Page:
Today we launch www.FASD.me an interactive website for children and young people (anyone really) affected by Fetal Alcohol Spectrum Disorder (FASD).
I believe that it is a truly unique resource which will allow people who know that they have been affected by alcohol in the womb or think that they have to understand more about their condition.
It has been written in collaboration with a small team of experts and affected adults and young people. Those adults and young people have driven the development of the resources and ensured that what is produced meets their aspirations and needs.
The site aims to show what our children and young people can and do achieve with and change the often-negative narrative and expectations associated with being identified as being affected by FASD. The website will empower those affected to take ownership of their condition, build their self-esteem and allow them to develop personal strategies to allow them to achieve.
I believe that it is truly a game changer.
It sits within a suite of other national developments funded by the NHS and collaboratively produced by National FASD (www.nationalFASD.org.uk) and the Seashell Trust (www.seashelltrust.org.uk) including one and three day training for professionals and a mass of new resources. It will complement the launch of the Clinical Care Standards for FASD by NICE in the UK (https://www.nice.org.uk/guidance/indevelopment/gid-qs10139) in early 2021.
This has been a long time coming, but hopefully it’s been worth the wait.
I started my journey learning about FASD in September 2003 when a sibling group of girls came to live with us. That journey has been developed by everyone who I have meet who has been affected or is living and supporting affected individuals.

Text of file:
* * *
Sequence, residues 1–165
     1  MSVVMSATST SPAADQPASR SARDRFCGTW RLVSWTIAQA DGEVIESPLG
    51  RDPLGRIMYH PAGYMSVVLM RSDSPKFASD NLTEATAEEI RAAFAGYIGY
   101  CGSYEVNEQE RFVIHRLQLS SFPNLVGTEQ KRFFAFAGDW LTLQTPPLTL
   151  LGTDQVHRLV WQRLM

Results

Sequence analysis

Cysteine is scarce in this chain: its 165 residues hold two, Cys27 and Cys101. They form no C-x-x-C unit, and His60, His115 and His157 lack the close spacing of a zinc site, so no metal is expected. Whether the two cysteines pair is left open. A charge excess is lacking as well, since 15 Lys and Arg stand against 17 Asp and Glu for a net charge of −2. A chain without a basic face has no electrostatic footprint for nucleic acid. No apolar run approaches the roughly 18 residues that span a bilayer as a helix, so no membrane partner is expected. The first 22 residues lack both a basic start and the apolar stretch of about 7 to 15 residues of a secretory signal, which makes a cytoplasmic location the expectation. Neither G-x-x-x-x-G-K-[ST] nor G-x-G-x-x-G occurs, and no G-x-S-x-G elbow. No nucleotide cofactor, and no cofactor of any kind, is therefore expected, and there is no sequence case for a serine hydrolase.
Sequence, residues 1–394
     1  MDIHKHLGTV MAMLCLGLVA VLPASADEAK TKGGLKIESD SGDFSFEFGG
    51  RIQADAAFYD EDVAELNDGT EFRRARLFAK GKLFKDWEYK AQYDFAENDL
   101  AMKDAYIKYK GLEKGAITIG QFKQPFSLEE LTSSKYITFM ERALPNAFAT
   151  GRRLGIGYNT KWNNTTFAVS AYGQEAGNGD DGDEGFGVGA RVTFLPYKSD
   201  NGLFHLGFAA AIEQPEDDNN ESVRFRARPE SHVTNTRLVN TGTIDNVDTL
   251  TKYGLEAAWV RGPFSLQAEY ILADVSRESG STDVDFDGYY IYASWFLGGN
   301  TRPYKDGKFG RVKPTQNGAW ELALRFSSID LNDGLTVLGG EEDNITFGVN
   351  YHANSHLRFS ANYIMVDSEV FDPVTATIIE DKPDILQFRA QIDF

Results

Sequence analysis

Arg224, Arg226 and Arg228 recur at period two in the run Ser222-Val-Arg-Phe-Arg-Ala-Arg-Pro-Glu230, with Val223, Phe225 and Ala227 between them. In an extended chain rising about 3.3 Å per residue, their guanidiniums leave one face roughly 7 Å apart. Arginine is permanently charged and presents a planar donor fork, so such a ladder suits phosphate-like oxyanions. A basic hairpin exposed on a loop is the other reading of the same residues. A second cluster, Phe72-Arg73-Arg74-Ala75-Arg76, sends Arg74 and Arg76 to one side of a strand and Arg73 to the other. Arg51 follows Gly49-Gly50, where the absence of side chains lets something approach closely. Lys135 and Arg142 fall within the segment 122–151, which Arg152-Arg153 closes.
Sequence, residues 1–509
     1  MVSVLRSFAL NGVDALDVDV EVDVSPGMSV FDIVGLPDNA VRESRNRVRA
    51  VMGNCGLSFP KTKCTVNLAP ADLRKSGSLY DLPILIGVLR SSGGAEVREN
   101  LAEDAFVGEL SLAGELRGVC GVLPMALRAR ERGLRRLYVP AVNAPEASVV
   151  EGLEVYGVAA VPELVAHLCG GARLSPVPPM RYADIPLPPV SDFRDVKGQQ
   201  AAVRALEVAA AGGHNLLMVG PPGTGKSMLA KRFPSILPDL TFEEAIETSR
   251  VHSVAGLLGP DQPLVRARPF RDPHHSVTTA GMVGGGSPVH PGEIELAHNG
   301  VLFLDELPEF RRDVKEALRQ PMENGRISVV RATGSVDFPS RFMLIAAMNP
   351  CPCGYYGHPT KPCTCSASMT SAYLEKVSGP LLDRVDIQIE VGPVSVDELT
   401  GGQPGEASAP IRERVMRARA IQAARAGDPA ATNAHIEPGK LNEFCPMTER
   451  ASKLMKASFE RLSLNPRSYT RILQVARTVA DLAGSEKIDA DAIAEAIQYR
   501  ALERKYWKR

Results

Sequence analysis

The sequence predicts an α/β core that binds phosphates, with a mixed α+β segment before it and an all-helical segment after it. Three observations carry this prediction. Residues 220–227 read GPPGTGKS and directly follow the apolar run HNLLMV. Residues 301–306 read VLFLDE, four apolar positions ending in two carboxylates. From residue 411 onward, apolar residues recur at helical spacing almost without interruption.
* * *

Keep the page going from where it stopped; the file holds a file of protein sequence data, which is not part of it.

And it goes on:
To say that this changed my life would not be an overestimate. I have changed jobs on a number of occasions and living with affected young people has challenged everything that I thought that I knew about child development, education and the care system.
I have been privileged to work with some exceptionally talented individuals with a wealth of experience, but more importantly commitment to making a real difference to the quality of life of thousands in our communities. This has been a truly collaborative experience where the sum of what has been produced is far, far greater than our initial expectations.
My contribution to www.FASD.me draws heavily on my experiences living with affected children and young people as well as being responsible for the education of many affected children in care in Peterborough. It reflects the collaborative work that I was involved with in Bedfordshire through the Bedfordshire Schools Improvement Partnership (BISP) where we were able to develop next best practice on student voice and leadership throughout England. It has drawn together possibly the last 20 years of my professional career in a way that I could only dream of even 6 months ago.
Today is a day to be both excited and proud of what we have achieved. Today isn’t the end, but a steppingstone for bigger and better things, but that is for tomorrow. Today lets just thanks everyone who has contributed in any way. You should all be very, very proud of your achievements.